A careful reanalysis of the nine cases of suspected drug-induced liver injury that were positive for IgM anti-HEV, however, demonstrated that some cases were still considered to be more likely due to drug hepatotoxicity than acute hepatitis E. These findings suggest that the recent acute HEV infection detected by IgM anti-HEV testing did not account for the acute liver injury in all cases and that co-incidental, subclinical hepatitis E may have preceded the acute liver injury caused by the implicated medication.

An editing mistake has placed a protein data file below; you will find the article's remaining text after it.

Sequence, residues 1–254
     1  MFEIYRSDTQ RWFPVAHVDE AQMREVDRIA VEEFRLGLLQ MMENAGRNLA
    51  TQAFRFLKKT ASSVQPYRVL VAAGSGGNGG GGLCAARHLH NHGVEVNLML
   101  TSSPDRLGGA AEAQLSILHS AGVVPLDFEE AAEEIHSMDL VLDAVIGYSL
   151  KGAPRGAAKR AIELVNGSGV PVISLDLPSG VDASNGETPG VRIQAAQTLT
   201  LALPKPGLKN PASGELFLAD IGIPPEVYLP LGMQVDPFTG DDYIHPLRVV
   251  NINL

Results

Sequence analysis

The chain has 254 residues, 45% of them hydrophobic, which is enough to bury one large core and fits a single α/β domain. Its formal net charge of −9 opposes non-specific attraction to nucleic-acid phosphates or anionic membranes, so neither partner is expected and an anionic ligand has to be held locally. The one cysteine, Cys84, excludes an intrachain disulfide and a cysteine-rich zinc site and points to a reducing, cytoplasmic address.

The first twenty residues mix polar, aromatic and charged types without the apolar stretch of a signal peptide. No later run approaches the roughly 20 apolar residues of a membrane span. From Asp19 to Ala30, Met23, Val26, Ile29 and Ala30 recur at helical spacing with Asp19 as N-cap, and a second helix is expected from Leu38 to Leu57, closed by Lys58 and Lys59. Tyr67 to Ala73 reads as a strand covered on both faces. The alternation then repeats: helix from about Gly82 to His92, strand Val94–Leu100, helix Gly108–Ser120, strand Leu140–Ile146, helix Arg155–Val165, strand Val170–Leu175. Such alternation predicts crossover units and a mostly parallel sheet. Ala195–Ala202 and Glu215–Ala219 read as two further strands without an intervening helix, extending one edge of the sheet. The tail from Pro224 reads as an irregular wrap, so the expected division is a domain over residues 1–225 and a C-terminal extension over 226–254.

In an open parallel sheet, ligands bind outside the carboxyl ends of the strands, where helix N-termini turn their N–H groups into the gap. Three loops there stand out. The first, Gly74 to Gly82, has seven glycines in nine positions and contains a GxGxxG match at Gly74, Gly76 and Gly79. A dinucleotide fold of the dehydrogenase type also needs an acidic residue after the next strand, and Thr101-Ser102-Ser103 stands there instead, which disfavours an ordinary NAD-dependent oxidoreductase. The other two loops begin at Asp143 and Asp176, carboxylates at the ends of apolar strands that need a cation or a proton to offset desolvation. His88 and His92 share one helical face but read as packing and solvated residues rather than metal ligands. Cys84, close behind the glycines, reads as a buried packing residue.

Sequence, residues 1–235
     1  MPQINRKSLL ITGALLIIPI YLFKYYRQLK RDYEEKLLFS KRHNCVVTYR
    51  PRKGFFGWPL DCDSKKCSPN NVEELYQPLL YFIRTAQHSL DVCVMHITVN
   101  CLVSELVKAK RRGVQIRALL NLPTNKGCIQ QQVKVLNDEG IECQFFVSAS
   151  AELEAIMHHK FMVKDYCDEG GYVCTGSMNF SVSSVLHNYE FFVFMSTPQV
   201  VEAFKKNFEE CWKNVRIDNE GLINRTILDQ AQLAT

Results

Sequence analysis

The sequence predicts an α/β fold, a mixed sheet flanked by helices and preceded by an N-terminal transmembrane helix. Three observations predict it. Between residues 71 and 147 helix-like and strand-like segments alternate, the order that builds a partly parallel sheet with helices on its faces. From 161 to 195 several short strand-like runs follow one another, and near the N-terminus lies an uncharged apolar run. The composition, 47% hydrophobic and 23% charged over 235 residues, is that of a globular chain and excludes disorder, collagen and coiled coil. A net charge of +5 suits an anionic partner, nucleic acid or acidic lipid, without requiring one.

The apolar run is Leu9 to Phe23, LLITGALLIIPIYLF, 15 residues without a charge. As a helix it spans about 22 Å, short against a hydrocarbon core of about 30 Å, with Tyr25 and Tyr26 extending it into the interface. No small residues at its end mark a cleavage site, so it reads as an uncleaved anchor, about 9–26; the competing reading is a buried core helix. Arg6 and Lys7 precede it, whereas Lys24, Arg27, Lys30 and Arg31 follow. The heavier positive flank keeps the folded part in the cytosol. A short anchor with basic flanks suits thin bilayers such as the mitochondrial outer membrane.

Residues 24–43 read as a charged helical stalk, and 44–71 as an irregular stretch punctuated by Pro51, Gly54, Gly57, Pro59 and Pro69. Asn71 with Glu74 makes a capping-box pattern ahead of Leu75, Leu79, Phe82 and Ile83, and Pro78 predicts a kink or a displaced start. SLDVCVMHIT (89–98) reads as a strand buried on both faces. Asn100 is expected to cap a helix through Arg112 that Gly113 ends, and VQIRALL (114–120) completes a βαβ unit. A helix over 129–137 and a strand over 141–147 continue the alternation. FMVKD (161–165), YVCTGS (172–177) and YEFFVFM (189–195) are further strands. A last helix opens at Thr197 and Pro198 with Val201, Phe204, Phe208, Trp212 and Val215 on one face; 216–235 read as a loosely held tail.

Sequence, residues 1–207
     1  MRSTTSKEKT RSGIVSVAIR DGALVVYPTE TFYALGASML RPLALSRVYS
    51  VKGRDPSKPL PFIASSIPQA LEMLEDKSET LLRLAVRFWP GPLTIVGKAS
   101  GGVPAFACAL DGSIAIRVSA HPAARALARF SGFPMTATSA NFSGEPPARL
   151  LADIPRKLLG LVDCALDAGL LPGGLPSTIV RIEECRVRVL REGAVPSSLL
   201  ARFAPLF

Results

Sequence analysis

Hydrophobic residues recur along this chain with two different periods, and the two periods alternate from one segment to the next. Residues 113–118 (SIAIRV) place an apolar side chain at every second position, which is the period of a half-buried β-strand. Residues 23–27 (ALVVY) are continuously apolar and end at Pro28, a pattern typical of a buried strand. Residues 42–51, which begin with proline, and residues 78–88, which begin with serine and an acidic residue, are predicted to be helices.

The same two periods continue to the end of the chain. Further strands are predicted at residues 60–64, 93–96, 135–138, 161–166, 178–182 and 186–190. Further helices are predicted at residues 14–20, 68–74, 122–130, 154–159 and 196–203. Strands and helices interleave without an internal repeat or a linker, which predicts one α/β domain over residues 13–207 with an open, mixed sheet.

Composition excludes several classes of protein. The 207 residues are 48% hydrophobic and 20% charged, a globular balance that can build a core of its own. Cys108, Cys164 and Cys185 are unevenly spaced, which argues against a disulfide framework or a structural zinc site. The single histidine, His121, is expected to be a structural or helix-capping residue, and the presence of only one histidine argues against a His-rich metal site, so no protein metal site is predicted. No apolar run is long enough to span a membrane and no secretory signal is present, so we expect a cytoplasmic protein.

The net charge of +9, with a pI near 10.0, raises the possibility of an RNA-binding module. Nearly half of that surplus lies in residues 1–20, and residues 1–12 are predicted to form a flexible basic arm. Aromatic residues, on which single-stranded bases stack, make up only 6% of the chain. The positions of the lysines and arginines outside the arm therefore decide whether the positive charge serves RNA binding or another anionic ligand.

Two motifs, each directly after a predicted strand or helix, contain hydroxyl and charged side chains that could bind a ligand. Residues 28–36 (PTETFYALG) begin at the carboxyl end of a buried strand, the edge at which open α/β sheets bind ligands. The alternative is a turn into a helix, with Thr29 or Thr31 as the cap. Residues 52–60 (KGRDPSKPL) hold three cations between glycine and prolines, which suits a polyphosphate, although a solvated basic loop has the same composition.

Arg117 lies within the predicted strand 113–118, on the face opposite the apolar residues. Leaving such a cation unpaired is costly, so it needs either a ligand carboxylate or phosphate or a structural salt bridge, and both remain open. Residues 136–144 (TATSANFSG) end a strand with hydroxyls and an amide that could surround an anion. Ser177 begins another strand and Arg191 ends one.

An important finding of this study was that four cases had HEV RNA detectable in serum, all of which were genotype 3. These results indicate that the acute hepatitis E is due to local sources, possibly related to exposure to farm animals or eating pork. Two cases occurred in patients with HIV infection who were on chronic antiretroviral therapy, the liver injury initially being attributed to nevirapine. Indeed, one of the patients had chronic hepatitis on liver biopsy and was still HEV RNA positive almost 24 weeks after initial presentation with serum enzyme elevations. Such findings suggest that immunosuppressed individuals should avoid eating undercooked pork or game, and that such individuals with chronic unexplained liver disease should be tested for HEV infection.